The Sounds of Music

09/28/2003 2:00 PM 6-120Walter Lewin, Professor of Physics; Description: Have you ever wondered about the annoying hum your car makes at a certain speed on a particular stretch of highway? Or why a flute's notes are higher than a trombone's? Walter Lewin uses rubber hose, wooden boxes with holes, metal plates and an assortment of other home-made instruments to demonstrate how objects produce sound. It all boils down to how something vibrates -- pushing air out in all directions. Lewin illustrates the shape of sounds, taking a rope tethered at one end, shaking it up and down at different speeds and producing specific wave shapes. These shapes are the rope's resonant frequencies, or harmonics. It's the same for a bowed violin, where the oscillations of the strings generate a set of harmonics, producing the notes we hear -- the faster the oscillations, the higher the tones. Lewin invites children from the audience to produce sounds with their musical instruments, and shows the amplitude and frequency of the tones. Later he demonstrates destructive resonances: video of a bridge that twists so violently that it collapses, and then, live in the laboratory, the shattering of a wine glass with progressively louder and higher tones. In this event where physics meets performance art, Lewin provides surprises throughout.About the Speaker(s): Walter H. G. Lewin is well-known at MIT for his lectures on both Newtonian mechanics and electricity and magnetism. Videos of his lectures can be viewed on the web via the Open CourseWare and Pivot links below.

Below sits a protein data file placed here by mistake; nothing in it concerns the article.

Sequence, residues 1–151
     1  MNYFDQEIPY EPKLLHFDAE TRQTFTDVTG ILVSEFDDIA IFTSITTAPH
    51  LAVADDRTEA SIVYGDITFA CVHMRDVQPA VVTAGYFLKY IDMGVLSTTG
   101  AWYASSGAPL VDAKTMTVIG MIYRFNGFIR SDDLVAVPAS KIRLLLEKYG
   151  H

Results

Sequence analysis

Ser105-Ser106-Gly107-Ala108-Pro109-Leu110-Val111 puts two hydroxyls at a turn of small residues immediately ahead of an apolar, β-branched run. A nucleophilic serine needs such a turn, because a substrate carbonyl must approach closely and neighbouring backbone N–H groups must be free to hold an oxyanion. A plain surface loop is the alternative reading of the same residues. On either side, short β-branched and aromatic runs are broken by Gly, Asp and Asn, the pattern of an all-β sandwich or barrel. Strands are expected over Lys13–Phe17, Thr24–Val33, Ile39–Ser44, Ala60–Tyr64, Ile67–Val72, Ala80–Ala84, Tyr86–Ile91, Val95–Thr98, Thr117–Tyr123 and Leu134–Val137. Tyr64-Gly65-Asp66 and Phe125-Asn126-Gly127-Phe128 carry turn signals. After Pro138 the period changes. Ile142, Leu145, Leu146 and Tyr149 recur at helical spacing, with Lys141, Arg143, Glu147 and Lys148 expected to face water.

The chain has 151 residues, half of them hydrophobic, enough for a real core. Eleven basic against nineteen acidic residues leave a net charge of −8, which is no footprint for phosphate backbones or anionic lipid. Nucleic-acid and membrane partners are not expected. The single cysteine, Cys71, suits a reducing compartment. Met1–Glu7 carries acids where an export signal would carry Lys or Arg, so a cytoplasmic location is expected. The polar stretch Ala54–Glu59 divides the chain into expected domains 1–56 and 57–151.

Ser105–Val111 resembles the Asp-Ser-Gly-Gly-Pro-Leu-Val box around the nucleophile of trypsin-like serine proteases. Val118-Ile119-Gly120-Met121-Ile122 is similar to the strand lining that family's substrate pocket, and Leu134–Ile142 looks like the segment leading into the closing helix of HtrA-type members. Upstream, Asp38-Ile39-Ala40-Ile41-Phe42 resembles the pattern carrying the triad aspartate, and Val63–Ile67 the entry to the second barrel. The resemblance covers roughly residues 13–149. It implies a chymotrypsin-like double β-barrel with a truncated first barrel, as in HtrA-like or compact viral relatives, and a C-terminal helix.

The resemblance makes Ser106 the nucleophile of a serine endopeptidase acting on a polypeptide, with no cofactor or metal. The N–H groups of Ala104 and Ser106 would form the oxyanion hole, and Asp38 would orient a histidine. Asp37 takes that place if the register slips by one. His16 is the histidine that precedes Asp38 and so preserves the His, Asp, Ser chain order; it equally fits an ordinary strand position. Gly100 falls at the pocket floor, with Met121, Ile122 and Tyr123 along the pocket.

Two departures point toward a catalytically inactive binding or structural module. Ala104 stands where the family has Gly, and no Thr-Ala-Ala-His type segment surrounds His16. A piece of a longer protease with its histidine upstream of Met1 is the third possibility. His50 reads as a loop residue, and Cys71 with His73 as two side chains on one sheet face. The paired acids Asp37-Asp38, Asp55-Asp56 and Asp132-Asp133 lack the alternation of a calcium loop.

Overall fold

Lewin received his Ph.D. in Nuclear Physics in 1965 at the Technical University of Delft, The Netherlands, and has been a member of the MIT Physics faculty since 1966. During his MIT career, Lewin's investigations in astrophysics have included satellite and high-altitude balloon X-ray observations, world-wide coordinated observations of optical and X-ray bursts, and international collaborations observing X-ray sources. In addition, Lewin has collaborated over the years with various artists on sky art events. From 1998 to 2000, Lewin worked with MIT's Center for Advanced Educational Services on creating the Physics Interactive Video Tutor project -- video help sessions for freshman physics students.Host(s): Office of the Provost, MIT MuseumTape #: T17654.


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